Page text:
Challenge: Propose an approach to designing, implementing, and administering a refreshed strategy that will increase development velocity, mitigate schedule bottlenecks, improve product quality, and enhance customer outcomes. Include details on technical tooling, process improvement, and how to integrate overarching governance frameworks to satisfy existing PEO reporting obligations. Discuss how this approach helps the PEO accomplish its goal of becoming a “world-class technology organization.”
AR, Tab 27, Challenge Scenario.
Proposal revisions were submitted on November 2 and each offeror’s challenge scenario video was submitted on November 4. Thereafter, the proposals were evaluated.
In evaluating the offerors’ videos under factor 5, the agency evaluation team met in a conference room where each video was projected onto a 100-inch screen with a high definition projector. AR, Tab 54, Declaration of Evaluation Team Chair at 1. The evaluation team sat approximately 8-10 feet from the screen and did not zoom in on, or otherwise enhance, any of the video recordings. Id. In the BAH video, a “mural board” was displayed behind the BAH in‑person participants;[13] however, most of the input on the mural board was illegible “given the size of the notes.”[14] AR, Tab 1, Contracting Officer’s Statement at 23; see AR Tab 54, Declaration of Evaluation Team Chair at 1.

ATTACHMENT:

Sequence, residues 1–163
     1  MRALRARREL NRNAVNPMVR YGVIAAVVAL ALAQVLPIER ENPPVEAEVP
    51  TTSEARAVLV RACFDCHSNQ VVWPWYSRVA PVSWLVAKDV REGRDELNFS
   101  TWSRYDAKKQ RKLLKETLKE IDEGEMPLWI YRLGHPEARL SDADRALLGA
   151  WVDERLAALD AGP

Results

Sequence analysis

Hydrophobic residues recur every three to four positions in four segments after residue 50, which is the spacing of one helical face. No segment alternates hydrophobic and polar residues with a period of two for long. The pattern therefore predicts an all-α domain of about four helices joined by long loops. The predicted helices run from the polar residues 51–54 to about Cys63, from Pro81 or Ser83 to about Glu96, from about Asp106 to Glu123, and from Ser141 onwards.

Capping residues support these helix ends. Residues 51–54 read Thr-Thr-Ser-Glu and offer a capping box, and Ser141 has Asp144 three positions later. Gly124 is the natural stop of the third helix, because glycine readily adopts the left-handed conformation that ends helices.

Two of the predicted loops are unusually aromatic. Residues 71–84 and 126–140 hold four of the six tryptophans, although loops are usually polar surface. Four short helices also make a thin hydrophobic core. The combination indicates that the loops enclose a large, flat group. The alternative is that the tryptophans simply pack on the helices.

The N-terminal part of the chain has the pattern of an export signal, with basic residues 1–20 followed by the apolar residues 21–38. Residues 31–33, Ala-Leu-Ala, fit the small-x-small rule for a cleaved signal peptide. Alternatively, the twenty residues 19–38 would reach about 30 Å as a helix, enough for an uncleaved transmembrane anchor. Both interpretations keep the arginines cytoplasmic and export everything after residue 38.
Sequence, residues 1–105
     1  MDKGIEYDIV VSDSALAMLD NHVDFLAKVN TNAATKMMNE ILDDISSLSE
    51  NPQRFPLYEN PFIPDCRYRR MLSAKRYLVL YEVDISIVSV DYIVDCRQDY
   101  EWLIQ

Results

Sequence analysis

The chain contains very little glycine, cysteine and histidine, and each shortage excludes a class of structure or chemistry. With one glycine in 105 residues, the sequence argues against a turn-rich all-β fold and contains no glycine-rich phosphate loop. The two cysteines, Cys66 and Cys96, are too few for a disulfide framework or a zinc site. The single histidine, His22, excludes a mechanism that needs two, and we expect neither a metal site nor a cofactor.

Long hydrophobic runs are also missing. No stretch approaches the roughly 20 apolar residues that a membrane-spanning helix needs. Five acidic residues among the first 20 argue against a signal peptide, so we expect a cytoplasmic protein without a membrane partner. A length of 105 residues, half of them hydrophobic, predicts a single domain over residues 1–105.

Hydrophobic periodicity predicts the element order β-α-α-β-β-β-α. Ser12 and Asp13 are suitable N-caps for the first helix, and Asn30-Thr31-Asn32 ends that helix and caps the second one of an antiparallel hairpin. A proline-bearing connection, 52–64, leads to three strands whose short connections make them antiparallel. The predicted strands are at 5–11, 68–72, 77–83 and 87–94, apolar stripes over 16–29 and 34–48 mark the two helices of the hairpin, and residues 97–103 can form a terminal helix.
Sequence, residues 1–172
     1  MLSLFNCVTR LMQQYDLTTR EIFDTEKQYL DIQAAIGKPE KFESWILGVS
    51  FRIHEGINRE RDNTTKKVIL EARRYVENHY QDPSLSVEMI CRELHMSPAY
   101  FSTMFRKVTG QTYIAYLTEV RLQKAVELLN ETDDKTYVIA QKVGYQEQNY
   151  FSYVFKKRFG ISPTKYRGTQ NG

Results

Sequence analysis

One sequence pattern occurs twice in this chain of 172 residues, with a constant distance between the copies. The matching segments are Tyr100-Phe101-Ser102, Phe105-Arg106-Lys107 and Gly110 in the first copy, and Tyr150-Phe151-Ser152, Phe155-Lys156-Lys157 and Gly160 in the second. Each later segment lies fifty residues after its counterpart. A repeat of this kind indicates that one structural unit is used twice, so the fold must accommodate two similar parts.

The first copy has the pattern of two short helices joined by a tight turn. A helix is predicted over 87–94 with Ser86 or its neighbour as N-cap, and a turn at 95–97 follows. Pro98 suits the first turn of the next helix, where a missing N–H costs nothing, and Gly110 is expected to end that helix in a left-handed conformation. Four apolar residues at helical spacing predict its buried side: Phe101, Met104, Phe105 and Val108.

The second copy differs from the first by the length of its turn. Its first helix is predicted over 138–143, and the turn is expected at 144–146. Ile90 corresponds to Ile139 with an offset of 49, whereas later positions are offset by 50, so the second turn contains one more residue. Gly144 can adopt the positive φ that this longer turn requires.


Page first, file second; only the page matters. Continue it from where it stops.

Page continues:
Following the agency’s evaluations, the proposals were rated as follows:[15]
Factor 3
Behavior Model
Factor 5